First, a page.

In tight on the Murrundindi

On a trip earlier in the week to the mid Goulburn catchment, I jumped in to a stretch of the Murrundindi River that’s been kind to me in the past, and got ready for action. It was a sunny morning and although a little cool, the grasshoppers were already bouncing along the high banks. I fished a yellow Stimulator on its own, knowing a rise was only a matter of time.

Three ideal pools and runs later, nothing. Hmmm. Maybe a foam hopper was needed? Still no good. The first hour ticked by with a single miss on the nymph (reluctantly added below the dry) to show for it. Next came the Royal Wulff. At least it got eaten, if only by an eight inch rainbow. However, that fish proved to be a one-off, not a turning point.

Nice, comfortable water for the angler… but where are the all fish?

For no good reason other than the need for a fresh start, I moved a few kilometres to a new stretch. Things started out much the same way. One decent fish spooked while crossing a log, and a charm bracelet on the nymph. The day was warming up nicely, but my confidence was cooling just as fast. Ahead lay a virtual tunnel, formed by a fallen tree and bordered by blackberries. I’d bypassed such inconvenient water all morning and was about to so the same, when I paused. Although overgrown, this run looked really nice, with reasonable depth, virtually continuous cover on the blackberry side, and a little logjam at the bottom end. To top it all off, there was a steep, grassy hopper bank just visible a hundred metres upstream. In short, it might be difficult to fish, but it was a decent place for a trout to live.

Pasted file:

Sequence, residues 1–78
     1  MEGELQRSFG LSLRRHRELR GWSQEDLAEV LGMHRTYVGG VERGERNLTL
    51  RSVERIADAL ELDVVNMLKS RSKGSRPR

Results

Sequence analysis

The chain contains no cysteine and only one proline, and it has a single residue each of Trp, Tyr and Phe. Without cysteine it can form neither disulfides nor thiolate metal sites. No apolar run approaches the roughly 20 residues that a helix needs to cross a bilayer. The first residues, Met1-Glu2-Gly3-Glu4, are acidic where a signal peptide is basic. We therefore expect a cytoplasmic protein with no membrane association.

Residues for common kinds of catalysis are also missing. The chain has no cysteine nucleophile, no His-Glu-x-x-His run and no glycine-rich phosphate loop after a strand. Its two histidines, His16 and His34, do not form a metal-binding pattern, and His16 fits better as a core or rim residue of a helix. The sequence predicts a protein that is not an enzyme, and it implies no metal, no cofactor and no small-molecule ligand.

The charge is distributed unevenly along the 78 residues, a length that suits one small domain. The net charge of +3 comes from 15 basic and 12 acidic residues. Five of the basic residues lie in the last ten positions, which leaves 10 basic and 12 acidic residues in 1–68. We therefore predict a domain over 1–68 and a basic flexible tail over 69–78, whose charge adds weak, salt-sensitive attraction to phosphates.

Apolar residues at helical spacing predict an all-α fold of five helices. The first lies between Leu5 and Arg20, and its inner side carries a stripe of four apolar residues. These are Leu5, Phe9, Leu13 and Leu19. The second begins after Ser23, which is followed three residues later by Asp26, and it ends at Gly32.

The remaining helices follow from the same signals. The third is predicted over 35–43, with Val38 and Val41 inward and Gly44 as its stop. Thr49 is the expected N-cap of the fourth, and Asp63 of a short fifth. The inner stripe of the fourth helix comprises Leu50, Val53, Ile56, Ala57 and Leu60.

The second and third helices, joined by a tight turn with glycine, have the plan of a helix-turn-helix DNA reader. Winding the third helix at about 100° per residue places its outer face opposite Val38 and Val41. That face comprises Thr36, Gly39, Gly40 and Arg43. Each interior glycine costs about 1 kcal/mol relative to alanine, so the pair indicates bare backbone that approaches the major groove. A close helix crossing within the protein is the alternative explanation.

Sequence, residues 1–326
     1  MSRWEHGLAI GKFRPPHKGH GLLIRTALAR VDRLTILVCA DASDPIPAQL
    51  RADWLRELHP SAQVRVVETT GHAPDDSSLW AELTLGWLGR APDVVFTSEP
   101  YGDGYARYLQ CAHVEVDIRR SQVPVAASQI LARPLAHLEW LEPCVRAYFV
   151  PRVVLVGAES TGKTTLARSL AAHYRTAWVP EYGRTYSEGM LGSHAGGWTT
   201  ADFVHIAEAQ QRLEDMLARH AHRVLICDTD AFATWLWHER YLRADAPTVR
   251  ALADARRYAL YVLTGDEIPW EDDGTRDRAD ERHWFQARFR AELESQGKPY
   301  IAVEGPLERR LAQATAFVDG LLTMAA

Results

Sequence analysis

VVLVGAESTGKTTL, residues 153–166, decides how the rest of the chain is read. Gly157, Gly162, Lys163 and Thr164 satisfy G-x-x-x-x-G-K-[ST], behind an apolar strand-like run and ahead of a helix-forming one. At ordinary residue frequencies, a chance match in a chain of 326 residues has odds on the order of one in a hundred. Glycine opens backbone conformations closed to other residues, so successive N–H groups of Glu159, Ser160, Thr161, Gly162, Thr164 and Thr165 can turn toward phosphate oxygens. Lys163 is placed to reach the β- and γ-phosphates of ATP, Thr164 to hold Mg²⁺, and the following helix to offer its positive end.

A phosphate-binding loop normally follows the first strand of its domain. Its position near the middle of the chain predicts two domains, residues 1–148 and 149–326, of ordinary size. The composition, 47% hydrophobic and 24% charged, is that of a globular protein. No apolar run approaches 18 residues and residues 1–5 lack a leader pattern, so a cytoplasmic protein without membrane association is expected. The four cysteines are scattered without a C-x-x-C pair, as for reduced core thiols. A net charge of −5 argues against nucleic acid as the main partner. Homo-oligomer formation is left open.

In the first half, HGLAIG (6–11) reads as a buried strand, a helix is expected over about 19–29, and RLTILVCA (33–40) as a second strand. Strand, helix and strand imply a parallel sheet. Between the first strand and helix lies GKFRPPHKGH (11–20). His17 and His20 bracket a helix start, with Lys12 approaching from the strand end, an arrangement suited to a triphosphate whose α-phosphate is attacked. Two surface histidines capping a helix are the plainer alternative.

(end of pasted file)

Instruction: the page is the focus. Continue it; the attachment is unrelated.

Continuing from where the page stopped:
Looking back downstream from halfway up the ‘tunnel’…

I removed the nymph, leaving the yellow Stimulator on its own. Sneaking up to the logjam, I fired a bow-and-arrow cast and held my nerve as the fly drifted down and almost into the timber. At the last possible moment, a brown materialised and confidently ate the Stimi under the rod tip. Yes!

The first ‘bow-and-arrow’ trout.

Well, the relief in landing that fish was replaced by sheer delight as I bow-and-arrowed up the run and caught another three respectable trout. In 50 metres and 15 minutes, I’d had way more action and encountered more trout than over the preceding 2½ hours. My ‘run’ continued when I got to the aforementioned hopper bank, and cast right in under the roots. I caught two more fish – both decent rainbows – before I snagged the Stimi halfway up and had to disturb the rest of the pool to retrieve it. But that was okay; a small price to pay for constantly putting the fly where the trout were. One more fish came to another bow-and-cast among the willow branch-choked run above, then I was back at the car and it was time to go.

A rainbow from right in under the hopper bank.


It’s usually about this time of year that a few of my fishing mates (some of whom have a fisheries science background, no less) idly speculate on the reasons for trout – from New Zealand to the Snowys to Victoria’s fastwaters – becoming generally more spooky and harder to catch. Is it the cumulative effect of a whole summer/ holiday season of fishing pressure? Or is it simply the low, clear flows making the fish feel more vulnerable, while also allowing them more time to pick fault in flies, careless flyline delivery, or tippets that stand out like hemp rope? Perhaps it’s a bit of both.

A mix of easy and tight water – at this time of year, it can pay to pick the tight stuff.

In any case, my Murrundindi session reminded me of a couple of simple solutions: fish the places where the trout are going to feel safest; and/or make it really easy for them to eat the fly without undue exposure to predators. Getting the fly into those tight spots isn’t as hard as it initially seems. You can often approach nice and close in the first place because the trout aren’t as edgy, and you can soon adopt a mindset which says the odd snagged fly is perfectly acceptable. Just take a deep breath, retrieve the fly, and move on to the next hot spot.